New Images in the New Galaxy Zoo
This post is the first of a series introducing the new Galaxy Zoo. The second is here, but come back in the next few days for more information about our fabulous new site
As you’ve probably already noticed, the Galaxy Zoo interface got a shiny new facelift thanks to the wizards in the Zooniverse development team, but that’s not all. The site is stuffed with new galaxies! These brand new, never-seen-before images come from two places:
You might remember that the original Galaxy Zoo 1 and 2 used images from the Sloan Digital Sky Survey (SDSS), a robotic telescope surveying the ‘local’ Universe from its vantage point in New Mexico. These images are now prepared in a slightly different way, in order to highlight subtle details. To better understand these galaxies, drawn from our own backyard, we’re making those improved images available through the new Zoo classification page. (These are actually new galaxies, from parts of the sky that SDSS hadn’t surveyed when we launched Zoo 2).
We’ve already gone though Hubble Space Telescope images with the Hubble Zoo, but there are some exciting new observations available from Hubble that we just couldn’t pass on. In 2009, astronauts on Space Shuttle mission STS-125 visited Hubble for a final time and installed an exciting new camera in the telescope. This camera, called Wide Field Camera 3 (WFC3) can take large (by Hubble standards!) images of the infrared sky.
As we peer deeper into the Universe, we look into the past, and since the universe is expanding, the galaxies we see are moving away from us faster and faster. This means that the light that left them gets stretched by the time it reaches us. Thus, the light from stars gets “redshifted” and to see a galaxy in the early universe as it would appear in visible light locally, we need an infrared camera.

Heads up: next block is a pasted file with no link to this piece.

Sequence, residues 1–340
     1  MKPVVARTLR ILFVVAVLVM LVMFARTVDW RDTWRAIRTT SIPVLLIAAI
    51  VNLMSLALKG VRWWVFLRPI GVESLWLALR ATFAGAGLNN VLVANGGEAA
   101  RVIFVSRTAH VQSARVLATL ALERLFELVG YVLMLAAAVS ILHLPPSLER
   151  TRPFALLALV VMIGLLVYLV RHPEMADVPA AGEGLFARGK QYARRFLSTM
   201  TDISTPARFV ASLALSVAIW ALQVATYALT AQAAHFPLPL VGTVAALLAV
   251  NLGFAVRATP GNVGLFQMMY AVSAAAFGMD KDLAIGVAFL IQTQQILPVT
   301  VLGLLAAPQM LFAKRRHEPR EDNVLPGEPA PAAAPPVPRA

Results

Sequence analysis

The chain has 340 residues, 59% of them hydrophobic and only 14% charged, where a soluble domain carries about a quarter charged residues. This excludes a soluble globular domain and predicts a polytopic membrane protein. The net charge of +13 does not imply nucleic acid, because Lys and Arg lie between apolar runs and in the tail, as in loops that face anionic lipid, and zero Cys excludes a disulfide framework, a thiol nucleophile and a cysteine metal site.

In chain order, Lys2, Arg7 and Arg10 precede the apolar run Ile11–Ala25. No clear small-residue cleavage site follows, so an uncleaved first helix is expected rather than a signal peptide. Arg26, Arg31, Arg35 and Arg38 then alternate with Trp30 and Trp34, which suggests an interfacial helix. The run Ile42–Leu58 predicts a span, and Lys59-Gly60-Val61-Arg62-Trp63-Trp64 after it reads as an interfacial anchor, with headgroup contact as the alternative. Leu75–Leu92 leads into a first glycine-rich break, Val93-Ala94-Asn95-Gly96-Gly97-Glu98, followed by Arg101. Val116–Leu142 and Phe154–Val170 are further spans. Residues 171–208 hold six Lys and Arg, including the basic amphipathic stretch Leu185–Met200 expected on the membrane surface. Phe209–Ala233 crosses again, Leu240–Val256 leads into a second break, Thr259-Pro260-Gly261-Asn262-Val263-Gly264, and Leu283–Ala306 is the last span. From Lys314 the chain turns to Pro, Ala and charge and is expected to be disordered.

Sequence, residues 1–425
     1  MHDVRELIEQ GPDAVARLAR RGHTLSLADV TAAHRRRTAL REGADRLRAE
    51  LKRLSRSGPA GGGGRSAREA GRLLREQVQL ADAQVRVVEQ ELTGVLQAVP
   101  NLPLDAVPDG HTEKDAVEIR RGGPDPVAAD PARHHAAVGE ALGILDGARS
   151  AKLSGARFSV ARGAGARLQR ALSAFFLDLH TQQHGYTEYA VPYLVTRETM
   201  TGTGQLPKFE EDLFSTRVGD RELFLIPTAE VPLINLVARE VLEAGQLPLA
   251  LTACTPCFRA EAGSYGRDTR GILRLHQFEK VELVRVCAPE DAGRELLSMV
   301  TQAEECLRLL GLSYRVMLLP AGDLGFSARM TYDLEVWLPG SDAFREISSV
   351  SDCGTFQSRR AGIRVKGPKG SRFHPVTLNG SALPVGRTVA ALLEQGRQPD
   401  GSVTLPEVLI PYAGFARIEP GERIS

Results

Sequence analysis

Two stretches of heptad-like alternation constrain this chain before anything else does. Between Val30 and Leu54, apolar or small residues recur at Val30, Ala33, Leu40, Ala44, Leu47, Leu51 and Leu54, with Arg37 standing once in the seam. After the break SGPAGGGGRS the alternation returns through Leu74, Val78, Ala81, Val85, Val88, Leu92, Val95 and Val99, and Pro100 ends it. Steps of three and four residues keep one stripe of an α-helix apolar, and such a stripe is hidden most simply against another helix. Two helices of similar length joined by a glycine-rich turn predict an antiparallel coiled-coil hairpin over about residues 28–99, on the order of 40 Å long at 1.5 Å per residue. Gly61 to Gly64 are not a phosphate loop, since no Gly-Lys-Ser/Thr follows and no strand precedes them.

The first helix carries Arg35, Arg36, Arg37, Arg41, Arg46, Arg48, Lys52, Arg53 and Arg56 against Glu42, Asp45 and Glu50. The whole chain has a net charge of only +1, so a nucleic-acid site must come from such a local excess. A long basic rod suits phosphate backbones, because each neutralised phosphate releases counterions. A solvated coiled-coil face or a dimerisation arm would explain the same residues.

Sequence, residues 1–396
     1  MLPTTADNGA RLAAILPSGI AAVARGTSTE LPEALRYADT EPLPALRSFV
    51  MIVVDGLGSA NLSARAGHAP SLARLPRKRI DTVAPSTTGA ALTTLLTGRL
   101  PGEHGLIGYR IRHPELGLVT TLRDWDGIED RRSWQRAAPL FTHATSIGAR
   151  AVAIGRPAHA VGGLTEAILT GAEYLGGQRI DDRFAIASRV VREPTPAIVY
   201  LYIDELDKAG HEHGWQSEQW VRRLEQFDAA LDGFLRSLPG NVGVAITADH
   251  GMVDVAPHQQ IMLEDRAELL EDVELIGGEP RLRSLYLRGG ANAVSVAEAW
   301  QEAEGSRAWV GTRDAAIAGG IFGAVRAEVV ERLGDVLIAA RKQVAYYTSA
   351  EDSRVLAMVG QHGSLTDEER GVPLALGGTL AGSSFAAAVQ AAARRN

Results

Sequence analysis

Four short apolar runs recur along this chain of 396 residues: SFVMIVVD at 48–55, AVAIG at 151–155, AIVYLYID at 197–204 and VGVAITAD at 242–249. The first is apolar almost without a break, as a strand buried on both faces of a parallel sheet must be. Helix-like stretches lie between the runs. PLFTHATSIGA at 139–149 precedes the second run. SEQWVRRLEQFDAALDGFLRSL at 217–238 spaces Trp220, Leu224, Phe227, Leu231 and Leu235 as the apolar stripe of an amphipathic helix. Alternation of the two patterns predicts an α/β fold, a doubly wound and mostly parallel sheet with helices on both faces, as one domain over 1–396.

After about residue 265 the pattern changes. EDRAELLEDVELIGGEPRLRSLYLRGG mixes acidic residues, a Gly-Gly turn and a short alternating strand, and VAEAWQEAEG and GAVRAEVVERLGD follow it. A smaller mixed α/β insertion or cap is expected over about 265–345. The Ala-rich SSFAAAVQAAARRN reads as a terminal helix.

Taking infrared images is much harder than optical ones for many reasons, but the most important is that the night sky actually glows in the infrared. This fundamentally limits our ability to take deep infrared images, which is why Hubble’s new WFC3 with its infrared capability is so valuable: in space, there’s no night sky! Hubble is currently using the WFC3 to survey several patches of the sky as part of the CANDELS program (more on that soon!) to generate deep infrared images of galaxies in the early universe and we’re asking you to help us sort through them.
We are also introducing Galaxy Zoo Talk, a place where you can post, share, discuss and collect galaxies you find interesting and want to learn more about. You can of course still join us on the Forum, but Talk will make it easier for you to systematically discuss and analyse your galaxies.
There’s a whole new mountain of galaxies to go through, so happy classifying!
13 responses to “New Images in the New Galaxy Zoo”
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- CANDELS: The new data in Galaxy Zoo « Galaxy Zoo - September 12, 2012
“The new SDSS images (right), drawn from the latest data release, are better and hopefully easier to classify than the old (left).” (Quote from above article)
I don’t like the quality of the DR8 images, which are displayed in the new Zoo. Actually, I like DR8 images, but the ones in the new Zoo look different. I guess, that the SDSS images in the new Zoo are from the SAS Server, but the ones from the Skyserver look much better! I wonder, why the image quality is different? Would it possible, that in the new Zoo the images are displayed in the image quality of the Skyserver?
The DR8 skyserver images are smoothed to make them look nicer (which they do). However, that makes it harder to see faint details, and therefore reduces the quality of the classifications. We therefore made our own colour images from the original science data.